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Members of the Chhattisgarh police, it would appear, are finding new ways to intimidate lawyers, journalists and activists in the embattled region. Three separate incidents which took place over the past week show that the police force and other extraneous elements are working hand-in-glove with a view to maligning anybody who dares stand up for the rights of the Adivasi community in the Naxal-ridden area.
The first incident pertains to a People’s Union for Civil Liberties (PUCL) meeting held in the Dantewada on December 19. The meeting, which was held to give members of the Adivasi community an opportunity to express how they have been affected by insurgency and counter-insurgency operations in the region, was attended by a number of lawyers, activists, and journalists from across the country.
The very next day, five of the attendees, including advocates Atindriyo Chakrabarty, Priyanka Shukla and Nikita Agarwal, were stopped by police officials. Despite having no warrant, the officers took down their personal details and took photographs of them.
Much to their horror, their photos were circulated on a WhatsApp group by one Farukh Ali, member of Bastar Sangharsh Samiti and a new vigilante group called the Action Group for National Integration or AGNI.
Along with the photos was a post alleging that the five were Naxal supporters “from JNU”, despite the fact that none of them were from the University. It is also pertinent to note that there were several police officers on this group.
Priyanka Shukla, an advocate who practices in Bilaspur, has since written to the National Human Rights Commission (NHRC), in the hope that this harassment will be addressed.
The second incident affects Shalini Gera, member of the Jagdalpur Legal Aid Group, which has been providing legal assistance to the members of the Adivasi community for the last few years.
Gera was representing the family members of Kumma Toppam, a villager who was allegedly gunned down by security forces on the pretext of being a Naxalite. During the hearing of a writ filed by the family members, the Chhattisgarh High Court, had on December 23 directed the exhumation of the body for a second post-mortem.
For this purpose, Gera had travelled to Jagdalpur two days later. Pursuant to this, the Commissioner of Bastar, Dilip Wasnikar, made arrangements for the stay of the villagers and the legal team.
However, on December 26, several police personnel entered the accommodation of the legal team, claiming that they were staying there illegally. They also tried to search the lawyers’ belongings without having a warrant. It was only after around forty-five minutes of intimidation that the lawyers were able to contact the Commissioner, who confirmed to the officer conducting the raid that he had signed off on their stay.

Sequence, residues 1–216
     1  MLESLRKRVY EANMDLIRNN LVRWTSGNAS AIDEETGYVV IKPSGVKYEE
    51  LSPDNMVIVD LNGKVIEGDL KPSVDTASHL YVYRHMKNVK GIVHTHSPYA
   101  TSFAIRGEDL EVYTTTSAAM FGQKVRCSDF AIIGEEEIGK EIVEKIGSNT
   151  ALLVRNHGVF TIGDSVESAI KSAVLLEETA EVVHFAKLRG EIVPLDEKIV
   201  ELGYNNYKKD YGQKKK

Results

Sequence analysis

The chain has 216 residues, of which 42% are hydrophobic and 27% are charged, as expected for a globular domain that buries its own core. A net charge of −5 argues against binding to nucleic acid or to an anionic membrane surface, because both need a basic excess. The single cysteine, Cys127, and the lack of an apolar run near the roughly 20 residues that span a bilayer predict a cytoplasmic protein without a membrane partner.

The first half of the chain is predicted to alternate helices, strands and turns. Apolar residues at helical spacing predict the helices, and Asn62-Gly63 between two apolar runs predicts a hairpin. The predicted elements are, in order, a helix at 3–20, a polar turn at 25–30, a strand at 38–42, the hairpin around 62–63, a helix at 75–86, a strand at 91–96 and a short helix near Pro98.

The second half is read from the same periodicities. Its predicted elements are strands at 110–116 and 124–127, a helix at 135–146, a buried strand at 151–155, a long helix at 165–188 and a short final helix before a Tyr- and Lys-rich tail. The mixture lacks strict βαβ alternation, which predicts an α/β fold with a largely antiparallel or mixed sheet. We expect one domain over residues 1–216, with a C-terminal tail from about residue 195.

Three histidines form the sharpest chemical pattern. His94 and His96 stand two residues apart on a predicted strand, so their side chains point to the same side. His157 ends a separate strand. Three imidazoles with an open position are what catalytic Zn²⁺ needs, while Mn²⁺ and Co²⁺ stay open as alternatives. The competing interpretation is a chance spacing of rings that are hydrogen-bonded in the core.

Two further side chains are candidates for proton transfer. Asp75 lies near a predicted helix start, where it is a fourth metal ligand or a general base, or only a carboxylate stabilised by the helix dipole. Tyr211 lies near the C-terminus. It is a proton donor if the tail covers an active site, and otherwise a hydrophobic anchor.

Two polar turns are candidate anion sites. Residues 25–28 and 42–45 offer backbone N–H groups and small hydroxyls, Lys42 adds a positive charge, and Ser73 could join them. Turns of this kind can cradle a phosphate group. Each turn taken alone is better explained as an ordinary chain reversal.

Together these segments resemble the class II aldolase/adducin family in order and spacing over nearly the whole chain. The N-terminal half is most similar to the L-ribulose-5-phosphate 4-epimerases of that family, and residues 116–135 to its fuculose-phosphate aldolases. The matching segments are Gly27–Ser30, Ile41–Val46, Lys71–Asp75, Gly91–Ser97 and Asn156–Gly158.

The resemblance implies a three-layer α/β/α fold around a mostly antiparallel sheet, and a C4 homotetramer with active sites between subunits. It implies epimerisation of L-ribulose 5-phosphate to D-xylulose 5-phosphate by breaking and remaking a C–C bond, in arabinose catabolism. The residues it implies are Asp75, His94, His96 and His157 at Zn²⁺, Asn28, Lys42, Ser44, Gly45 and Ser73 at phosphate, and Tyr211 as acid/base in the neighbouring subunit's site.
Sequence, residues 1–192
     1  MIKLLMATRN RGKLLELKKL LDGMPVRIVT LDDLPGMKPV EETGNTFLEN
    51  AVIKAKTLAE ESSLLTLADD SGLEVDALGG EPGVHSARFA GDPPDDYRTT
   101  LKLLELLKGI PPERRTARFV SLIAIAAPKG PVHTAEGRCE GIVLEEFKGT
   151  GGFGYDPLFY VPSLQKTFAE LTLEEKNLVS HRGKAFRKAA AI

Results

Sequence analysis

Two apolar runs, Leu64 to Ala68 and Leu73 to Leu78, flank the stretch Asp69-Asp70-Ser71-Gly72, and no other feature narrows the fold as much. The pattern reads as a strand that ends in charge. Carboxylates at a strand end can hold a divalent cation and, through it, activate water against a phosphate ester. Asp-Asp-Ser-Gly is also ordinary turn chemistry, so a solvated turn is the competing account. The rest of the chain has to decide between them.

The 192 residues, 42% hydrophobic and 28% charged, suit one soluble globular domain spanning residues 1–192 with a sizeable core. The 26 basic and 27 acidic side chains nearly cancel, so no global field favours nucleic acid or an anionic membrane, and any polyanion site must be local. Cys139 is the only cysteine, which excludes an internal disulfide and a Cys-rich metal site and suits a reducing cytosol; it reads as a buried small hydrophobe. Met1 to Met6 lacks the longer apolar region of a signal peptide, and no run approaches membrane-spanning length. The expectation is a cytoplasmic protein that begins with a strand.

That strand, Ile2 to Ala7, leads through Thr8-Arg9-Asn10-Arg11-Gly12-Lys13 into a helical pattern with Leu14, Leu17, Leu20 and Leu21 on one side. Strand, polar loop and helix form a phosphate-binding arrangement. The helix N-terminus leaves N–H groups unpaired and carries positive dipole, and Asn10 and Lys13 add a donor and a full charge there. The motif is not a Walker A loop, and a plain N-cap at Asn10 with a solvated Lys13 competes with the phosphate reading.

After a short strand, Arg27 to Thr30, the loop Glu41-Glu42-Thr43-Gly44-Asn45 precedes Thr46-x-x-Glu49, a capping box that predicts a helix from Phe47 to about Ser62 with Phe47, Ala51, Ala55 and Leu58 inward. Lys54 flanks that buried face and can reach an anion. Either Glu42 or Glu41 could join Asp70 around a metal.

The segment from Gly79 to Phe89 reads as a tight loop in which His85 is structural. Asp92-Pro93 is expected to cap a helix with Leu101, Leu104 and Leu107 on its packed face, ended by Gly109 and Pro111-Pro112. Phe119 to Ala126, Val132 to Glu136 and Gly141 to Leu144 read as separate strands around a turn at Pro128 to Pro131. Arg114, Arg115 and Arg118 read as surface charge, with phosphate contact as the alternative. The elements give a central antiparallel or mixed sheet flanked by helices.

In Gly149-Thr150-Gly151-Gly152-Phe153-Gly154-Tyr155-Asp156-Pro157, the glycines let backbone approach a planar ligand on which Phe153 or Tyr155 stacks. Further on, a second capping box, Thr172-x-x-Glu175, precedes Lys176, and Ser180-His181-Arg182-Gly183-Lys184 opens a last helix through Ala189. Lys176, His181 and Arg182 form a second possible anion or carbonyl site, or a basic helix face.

But things did not end there.
Later that day, Gera got a call from an unknown person, who gave the phone to someone who claimed to be the SP of Bastar, RN Dash. The same person proceeded to threaten Gera, accusing her, among other things, of visiting Jagdalpur with the purpose of exchanging old notes for Naxalites in the region. Gera later found that the number belonged to Farukh Ali, the member of AGNI. When she called the SP’s official number, he confirmed to her it was indeed him who had spoken to her previously.
Gera has also written to the NHRC, stating,
“I fear that this is a continuation of the harassment already faced by us, and other human rights workers, academics, lawyers, writers, tribal rights activists etc. in the Bastar Division, and this requires urgent intervention from the NHRC.”
This is not the first time Gera has been the victim of police intimidation. In February this year, she and fellow JAGLAG member Isha Khandelwal were forced to evict their residence, following constant threats from the police and vigilante organizations like the now defunct Samajik Ekta Manch.
And this harassment is not limited to lawyers working in Chhattisgarh.
Two days earlier, members of the Telangana Democratic Front (TDF) – including lawyers CH Prabhakar, D Prabhakar and B Ravindranath – were arrested by the Chhattisgarh police.
According to TDF Secretary General Narayana Rao, the team, which was on their way to conduct a fact-finding mission into an alleged encounter case in the fledgling state, was picked up by the Telangana police and handed over to the Chhattisgarh police in Sukma district. This was presumably done to bring them under the draconian Chhattisgarh State Public Security Act, which gives state police unbridled powers of arrest.
They have been charged with carrying “Maoist literature” and illegally possessing demonetized currency notes worth Rs. 1 lakh. The TDF has since demanded the unconditional release of all seven members.
These only add to the innumerable instances of harassment of civil society members in the state over the past few years.
Most recently, Delhi University Professor Nandini Sundar was accused of being involved in the murder of a young tribal from the Sukma district.
View Shalini’s letter to the NHRC:
View PUCL’s letter to the NHRC: